The Pursuit of Happiness

We’re a happy team at Hawthorn… (Opening line of Hawthorn theme song)

What do we do now, now that we’re happy? (Waiting for Godot by Samuel Beckett)

We should be wary of pursuing happiness as the main goal of our life, not only because happiness is one of the more elusive and unpredictable of emotions, but also because so many people report that their most valuable experiences of emotional growth and personal development have come from pain, not pleasure.  And, to further complicate the picture, isn’t there a kind of sweetness about some forms of pain and sadness? (The Good Life by Hugh Mackay)

My self-imposed exile from The Footy Almanac has resulted from one of those full-on stints of “real life” involving ageing family, upheaval, illness and death.  These times teach you a lot about yourself and others, but it’s pretty hard to read or write about sport, or any other trivial subject, for that matter.

However, time heals and brings perspective.  As I tentatively dip my toe back in the water, I’ve concluded that maybe the light-weight subject of sport can help us understand some of life’s deeper issues.

In his book, The Good Life, Hugh Mackay ventures from his stock in trade of social research into the realm of philosophy.  He explores the concept of a “Good Life”, which he characterises by selflessness and a willingness to connect meaningfully with others.   I’m not entirely convinced by Mackay’s argument about what a “Good Life” is. But I absolutely support what he says it isn’t – namely the delusional obsession with achieving “happiness” through a mix of material consumption, shallow distractions and pastimes, and shielding ourselves and our loved ones from anything that might trigger “negative” emotions.

With the new AFL season just days away, let’s consider the motivations of the hundreds of thousands of us who have signed up for club membership.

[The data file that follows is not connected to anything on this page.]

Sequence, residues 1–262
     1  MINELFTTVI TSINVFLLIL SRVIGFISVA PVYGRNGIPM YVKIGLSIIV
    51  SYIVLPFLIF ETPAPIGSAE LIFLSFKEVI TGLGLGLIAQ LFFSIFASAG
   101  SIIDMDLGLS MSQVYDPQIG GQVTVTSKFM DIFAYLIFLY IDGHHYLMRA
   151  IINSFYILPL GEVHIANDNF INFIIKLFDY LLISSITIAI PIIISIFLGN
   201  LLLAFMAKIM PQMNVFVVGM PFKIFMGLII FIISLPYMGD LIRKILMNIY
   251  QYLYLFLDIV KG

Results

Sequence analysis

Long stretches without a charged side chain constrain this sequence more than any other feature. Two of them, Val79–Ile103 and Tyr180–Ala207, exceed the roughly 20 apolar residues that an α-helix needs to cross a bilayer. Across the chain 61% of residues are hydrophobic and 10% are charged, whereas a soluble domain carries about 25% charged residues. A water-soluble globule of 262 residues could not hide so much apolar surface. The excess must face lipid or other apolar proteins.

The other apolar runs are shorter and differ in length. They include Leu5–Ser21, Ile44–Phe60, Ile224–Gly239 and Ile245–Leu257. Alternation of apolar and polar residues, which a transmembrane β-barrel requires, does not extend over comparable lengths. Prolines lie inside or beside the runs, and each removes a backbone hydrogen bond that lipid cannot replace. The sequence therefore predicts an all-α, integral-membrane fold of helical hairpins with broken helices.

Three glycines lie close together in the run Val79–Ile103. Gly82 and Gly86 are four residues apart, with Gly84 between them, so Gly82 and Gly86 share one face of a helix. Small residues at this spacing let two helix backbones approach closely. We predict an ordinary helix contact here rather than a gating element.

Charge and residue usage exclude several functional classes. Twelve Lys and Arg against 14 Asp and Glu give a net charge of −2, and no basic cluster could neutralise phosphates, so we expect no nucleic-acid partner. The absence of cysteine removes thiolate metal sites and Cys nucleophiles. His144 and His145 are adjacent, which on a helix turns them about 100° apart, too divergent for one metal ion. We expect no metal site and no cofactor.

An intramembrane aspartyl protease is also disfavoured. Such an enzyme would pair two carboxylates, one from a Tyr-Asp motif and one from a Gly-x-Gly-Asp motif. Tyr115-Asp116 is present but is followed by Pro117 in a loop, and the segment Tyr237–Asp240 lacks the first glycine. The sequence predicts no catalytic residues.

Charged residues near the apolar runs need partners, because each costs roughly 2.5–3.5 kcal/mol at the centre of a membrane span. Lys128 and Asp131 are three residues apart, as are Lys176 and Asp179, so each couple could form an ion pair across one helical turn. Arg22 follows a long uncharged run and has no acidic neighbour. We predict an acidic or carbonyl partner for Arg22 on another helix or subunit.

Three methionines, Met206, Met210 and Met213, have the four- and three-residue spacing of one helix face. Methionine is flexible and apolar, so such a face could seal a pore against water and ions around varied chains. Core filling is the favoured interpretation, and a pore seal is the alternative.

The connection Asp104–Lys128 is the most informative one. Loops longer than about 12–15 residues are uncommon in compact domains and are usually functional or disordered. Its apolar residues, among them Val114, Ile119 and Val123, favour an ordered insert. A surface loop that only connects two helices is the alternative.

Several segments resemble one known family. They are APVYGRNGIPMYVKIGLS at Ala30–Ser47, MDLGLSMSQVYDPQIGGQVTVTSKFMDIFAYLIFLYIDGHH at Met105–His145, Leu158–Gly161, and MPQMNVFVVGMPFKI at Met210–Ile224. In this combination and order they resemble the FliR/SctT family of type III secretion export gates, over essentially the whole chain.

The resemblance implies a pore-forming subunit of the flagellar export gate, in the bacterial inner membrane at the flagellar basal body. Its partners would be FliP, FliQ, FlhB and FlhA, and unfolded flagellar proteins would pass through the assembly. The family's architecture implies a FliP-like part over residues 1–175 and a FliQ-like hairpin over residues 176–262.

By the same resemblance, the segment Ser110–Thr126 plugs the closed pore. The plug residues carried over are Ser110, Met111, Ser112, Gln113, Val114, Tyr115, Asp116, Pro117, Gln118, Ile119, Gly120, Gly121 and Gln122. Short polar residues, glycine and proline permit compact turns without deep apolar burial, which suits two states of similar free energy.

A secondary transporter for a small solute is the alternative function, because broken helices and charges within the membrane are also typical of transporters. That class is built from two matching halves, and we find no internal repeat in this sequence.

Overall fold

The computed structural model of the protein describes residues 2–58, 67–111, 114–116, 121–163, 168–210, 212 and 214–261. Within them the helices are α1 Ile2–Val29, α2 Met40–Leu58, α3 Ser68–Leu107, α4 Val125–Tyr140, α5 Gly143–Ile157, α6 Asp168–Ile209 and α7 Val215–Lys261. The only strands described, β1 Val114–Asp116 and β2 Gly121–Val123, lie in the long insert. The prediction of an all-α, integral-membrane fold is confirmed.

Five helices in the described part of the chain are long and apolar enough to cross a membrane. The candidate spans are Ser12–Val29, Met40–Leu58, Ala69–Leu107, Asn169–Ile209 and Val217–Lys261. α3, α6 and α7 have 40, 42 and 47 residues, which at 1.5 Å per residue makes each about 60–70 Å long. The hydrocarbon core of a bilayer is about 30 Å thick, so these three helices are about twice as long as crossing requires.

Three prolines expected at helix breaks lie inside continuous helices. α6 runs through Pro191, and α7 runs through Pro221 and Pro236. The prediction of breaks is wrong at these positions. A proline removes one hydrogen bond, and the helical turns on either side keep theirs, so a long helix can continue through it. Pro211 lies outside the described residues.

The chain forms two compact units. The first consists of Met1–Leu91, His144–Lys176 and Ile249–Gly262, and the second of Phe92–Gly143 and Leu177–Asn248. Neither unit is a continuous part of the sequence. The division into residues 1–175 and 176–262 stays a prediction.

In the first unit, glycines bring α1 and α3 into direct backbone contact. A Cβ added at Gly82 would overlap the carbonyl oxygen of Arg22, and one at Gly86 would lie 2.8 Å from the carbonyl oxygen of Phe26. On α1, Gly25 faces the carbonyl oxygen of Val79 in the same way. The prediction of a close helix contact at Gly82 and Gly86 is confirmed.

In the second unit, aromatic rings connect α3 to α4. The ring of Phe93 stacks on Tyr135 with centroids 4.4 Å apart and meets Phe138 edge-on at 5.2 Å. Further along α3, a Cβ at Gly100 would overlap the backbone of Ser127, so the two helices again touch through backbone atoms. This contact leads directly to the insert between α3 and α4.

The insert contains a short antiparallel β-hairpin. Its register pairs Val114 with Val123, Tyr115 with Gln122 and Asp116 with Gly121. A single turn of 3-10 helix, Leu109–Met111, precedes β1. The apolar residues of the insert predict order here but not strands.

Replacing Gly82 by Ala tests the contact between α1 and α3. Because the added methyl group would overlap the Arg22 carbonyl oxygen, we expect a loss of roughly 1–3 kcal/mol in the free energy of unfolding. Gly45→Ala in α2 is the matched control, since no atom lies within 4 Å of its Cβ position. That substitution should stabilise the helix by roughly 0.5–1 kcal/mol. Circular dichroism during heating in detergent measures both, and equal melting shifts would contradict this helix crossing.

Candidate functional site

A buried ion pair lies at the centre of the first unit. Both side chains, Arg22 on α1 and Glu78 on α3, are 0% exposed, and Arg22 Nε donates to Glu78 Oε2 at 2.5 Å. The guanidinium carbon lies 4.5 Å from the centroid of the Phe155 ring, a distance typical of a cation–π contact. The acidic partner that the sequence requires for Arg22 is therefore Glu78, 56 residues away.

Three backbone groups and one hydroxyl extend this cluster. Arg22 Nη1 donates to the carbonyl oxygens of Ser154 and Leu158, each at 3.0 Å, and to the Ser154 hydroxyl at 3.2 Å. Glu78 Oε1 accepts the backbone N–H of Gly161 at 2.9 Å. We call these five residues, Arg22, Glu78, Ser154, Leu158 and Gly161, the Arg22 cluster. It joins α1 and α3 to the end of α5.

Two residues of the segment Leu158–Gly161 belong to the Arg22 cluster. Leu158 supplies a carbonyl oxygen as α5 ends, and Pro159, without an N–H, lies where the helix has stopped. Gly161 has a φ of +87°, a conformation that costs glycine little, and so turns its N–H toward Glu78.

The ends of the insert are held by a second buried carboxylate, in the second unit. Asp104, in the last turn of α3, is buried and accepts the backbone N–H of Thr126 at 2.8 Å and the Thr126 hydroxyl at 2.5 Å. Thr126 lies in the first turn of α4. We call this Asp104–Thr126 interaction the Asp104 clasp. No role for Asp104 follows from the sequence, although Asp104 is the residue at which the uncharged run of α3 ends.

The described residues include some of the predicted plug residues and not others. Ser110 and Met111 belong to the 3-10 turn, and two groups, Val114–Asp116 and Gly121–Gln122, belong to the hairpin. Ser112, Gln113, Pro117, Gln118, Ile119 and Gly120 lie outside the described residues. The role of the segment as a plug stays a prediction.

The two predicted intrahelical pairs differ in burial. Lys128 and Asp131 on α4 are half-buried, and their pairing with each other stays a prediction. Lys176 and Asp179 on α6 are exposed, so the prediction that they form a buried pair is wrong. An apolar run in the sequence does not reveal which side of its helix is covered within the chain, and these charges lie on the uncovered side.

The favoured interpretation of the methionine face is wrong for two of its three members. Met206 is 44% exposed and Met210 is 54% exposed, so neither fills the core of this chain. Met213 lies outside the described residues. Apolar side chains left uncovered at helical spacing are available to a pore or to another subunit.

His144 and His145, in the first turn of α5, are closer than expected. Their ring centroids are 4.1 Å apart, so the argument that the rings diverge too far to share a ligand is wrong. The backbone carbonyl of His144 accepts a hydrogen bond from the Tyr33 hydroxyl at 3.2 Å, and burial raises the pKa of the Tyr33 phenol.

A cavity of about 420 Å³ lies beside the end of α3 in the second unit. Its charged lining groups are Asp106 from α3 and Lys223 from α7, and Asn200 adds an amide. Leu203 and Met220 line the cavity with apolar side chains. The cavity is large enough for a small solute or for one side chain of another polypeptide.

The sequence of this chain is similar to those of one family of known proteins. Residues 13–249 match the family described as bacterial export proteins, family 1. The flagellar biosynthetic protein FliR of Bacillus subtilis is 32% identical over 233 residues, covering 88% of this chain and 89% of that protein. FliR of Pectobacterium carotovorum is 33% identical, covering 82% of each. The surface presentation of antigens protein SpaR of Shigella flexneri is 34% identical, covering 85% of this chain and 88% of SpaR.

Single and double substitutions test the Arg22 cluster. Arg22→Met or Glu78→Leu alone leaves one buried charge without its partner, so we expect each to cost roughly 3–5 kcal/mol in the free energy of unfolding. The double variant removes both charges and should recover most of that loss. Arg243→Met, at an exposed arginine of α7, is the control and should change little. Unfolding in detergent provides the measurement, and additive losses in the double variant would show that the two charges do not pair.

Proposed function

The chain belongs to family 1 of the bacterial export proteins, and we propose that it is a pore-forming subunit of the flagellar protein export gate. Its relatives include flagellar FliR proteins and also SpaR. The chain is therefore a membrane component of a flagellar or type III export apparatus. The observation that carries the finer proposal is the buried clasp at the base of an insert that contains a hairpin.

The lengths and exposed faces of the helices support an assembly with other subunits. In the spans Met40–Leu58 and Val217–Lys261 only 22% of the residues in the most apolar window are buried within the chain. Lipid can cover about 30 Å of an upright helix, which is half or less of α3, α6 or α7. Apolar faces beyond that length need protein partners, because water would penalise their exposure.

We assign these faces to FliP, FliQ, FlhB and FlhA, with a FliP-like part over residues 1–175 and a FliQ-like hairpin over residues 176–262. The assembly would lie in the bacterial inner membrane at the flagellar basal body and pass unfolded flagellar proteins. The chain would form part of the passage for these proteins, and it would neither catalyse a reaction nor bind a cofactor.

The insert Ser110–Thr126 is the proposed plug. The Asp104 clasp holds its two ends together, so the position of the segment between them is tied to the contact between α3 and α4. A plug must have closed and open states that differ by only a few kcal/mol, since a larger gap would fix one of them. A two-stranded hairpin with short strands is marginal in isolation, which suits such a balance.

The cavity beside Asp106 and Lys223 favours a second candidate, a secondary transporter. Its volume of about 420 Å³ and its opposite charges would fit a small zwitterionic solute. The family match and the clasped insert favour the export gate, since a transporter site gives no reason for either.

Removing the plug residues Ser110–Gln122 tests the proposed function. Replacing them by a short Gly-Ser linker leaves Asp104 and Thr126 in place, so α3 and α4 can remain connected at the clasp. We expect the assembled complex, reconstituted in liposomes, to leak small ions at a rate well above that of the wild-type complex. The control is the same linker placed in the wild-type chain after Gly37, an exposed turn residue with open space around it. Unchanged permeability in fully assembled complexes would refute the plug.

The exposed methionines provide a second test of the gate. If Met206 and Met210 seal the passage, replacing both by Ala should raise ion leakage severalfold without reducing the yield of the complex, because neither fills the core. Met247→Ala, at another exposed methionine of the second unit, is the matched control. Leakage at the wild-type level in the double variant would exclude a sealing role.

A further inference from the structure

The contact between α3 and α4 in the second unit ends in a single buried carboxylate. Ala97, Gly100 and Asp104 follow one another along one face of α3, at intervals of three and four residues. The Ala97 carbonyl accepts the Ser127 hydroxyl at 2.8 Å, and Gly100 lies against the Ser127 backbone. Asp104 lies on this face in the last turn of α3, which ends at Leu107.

The modern marketing “pitch” of most professional sporting clubs (and AFL clubs are no exception) pushes the “happiness” line pretty hard.  Generally, it goes something like this: “Join us and you will enjoy a constant stream of excitement and entertainment”.  Winning is, of course, implied, though never guaranteed. Losing is never mentioned as part of the deal.  They use words like “commitment” and “passion” but only in the sense that you will be committed or passionate enough to part with your hard-earned, not that you will commit to enduring the whole experience, including the bad stuff.  After all, once the club’s got your money, they don’t care much if you turn up or not.

In short, the compact is a false promise by the club of the sort of bland, constant happiness that Mackay warns us about and a highly conditional pledge of loyalty on the part of the supporter.

Mackay also makes much of the futility of chasing happiness by acquiring impressive “stuff”.  And behold, our new members’ commitment is duly honoured by a whole pile of boastful merchandise – lanyards, scarves and a bumper sticker for the Audi – through which supporters can demonstrate the strength of their support. (These material reminders of your allegiance also get you off the hook from actually attending if the weather’s too crap or the team is struggling.)